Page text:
In an unusual move for a sitting president, Barack Obama has published a scholarly paper in a scientific journal.
The paper, which discusses the success and future of the Affordable Care Act (ACA), was published Monday (July 11)in the prestigious medical journal JAMA.
It may be the first time a sitting president has authored a complete academic article — with an abstract, findings and conclusions — that's been published in a scientific journal, at least in recent history. However, several other presidents have written commentaries or opinion pieces that have been published in scientific journals during their presidency, including George W. Bush, who wrote about access to health care in a paper published in JAMA in 2004, and Bill Clinton, who wrote a commentary published in the journal Science in 1997.
Obama's journal article analyzes data gathered from other reports and studies, and highlights some of the successes of the ACA, including a drop in the percentage of Americans who do not have health insurance . After the act became law, the uninsured rate dropped by 43 percent, from 16 percent of Americans in 2010 to 9.1 percent in 2015, the paper says. [The 5 Strangest Presidential Elections in US History]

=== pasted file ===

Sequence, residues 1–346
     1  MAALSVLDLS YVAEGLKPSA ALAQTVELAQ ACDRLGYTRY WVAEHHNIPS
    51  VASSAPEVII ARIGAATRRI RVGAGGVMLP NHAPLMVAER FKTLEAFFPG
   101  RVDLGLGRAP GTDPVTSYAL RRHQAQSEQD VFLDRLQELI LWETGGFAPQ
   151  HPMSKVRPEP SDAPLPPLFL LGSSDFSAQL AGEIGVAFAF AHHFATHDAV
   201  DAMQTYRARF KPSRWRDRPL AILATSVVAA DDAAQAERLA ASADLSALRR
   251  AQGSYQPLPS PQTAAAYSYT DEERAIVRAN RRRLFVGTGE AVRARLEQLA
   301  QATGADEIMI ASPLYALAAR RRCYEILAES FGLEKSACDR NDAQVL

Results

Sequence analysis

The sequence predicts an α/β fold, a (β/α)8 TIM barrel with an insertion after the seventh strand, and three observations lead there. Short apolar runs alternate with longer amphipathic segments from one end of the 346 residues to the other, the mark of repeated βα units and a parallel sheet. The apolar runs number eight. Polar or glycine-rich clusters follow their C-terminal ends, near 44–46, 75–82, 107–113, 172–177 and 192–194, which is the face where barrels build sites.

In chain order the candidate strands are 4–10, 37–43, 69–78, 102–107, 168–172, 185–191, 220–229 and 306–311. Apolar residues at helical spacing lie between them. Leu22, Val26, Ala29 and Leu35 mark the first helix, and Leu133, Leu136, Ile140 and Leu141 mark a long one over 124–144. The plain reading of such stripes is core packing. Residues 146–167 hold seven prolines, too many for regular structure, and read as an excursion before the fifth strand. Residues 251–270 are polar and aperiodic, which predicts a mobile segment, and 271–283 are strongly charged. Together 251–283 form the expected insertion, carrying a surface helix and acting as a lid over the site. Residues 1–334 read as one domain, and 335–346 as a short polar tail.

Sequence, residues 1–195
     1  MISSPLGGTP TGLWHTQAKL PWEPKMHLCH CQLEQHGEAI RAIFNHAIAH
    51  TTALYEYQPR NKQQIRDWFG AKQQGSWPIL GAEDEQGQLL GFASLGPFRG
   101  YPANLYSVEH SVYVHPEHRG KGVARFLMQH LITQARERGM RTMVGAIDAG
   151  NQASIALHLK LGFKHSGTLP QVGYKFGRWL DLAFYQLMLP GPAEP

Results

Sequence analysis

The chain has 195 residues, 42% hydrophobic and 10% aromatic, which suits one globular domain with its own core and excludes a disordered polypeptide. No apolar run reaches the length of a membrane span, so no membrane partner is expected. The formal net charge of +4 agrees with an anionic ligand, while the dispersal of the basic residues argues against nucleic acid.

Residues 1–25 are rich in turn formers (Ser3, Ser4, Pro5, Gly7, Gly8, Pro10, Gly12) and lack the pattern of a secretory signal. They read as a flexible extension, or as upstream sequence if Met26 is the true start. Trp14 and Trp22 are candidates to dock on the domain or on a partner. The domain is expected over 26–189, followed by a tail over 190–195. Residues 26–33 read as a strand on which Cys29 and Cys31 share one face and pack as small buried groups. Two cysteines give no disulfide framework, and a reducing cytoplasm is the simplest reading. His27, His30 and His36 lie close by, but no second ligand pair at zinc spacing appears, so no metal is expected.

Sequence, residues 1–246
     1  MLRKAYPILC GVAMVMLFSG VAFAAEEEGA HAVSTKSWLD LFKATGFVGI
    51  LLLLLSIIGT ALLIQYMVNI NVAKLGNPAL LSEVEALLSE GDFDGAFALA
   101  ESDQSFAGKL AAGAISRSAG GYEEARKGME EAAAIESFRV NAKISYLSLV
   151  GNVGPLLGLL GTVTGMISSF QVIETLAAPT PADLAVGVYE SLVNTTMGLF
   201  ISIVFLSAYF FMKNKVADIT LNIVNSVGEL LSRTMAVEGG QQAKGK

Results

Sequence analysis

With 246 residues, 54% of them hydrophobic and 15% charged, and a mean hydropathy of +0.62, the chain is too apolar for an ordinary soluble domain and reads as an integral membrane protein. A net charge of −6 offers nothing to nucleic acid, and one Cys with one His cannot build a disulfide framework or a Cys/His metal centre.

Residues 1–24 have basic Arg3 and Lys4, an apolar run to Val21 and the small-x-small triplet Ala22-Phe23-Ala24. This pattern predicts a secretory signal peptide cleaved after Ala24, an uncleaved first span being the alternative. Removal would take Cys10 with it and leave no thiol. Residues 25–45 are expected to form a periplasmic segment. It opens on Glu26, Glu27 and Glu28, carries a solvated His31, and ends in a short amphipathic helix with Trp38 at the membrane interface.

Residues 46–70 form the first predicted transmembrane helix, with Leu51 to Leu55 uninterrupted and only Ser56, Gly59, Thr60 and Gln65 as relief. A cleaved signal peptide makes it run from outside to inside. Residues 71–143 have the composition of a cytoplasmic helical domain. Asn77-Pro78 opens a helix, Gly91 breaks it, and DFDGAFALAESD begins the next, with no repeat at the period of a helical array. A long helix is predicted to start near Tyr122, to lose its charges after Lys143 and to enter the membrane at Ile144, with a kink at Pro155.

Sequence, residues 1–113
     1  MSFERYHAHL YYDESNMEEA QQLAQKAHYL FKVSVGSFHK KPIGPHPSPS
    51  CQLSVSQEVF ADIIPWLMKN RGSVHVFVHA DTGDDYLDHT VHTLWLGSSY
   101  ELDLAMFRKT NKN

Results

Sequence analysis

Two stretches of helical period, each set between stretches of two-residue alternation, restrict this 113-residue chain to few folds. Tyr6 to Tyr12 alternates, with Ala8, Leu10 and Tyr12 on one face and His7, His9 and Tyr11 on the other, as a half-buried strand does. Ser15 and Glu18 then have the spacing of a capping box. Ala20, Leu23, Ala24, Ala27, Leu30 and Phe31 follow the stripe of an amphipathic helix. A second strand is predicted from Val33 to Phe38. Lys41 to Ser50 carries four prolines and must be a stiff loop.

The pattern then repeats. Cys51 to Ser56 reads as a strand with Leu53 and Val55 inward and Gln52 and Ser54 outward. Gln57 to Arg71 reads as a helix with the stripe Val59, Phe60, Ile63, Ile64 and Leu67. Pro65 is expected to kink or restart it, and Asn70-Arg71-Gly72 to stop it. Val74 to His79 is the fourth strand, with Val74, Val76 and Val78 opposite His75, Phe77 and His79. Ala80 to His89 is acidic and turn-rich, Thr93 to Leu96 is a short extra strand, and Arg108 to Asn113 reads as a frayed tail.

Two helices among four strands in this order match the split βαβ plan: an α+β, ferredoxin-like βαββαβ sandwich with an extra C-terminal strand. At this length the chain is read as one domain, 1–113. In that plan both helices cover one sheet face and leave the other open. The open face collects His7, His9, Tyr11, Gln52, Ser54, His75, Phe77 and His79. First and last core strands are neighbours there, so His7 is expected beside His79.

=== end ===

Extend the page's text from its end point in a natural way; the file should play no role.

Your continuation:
Still, Obama said, the country continues to face challenges on the way to improving its health care system. "Despite this progress, too many Americans still strain to pay for their physician visits and prescriptions, cover their deductibles, or pay their monthly insurance bills; struggle to navigate a complex, sometimes bewildering system; and remain uninsured ," Obama wrote.
To make sure Americans have enough insurance options and to keep insurance costs low, Obama encouraged Congress to revisit the "public option" plan, meaning a government-run insurance plan that would compete in the insurance marketplace alongside private plans. This public option could be available in parts of the country where insurance options are limited, he said.
Obama also recommended policies that could help reduce the cost of prescription drugs, including those that "give the federal government the authority to negotiate prices for certain high-priced drugs."
Obama's article was not peer-reviewed, but it went through several rounds of editing and fact-checking, according to Bloomberg.
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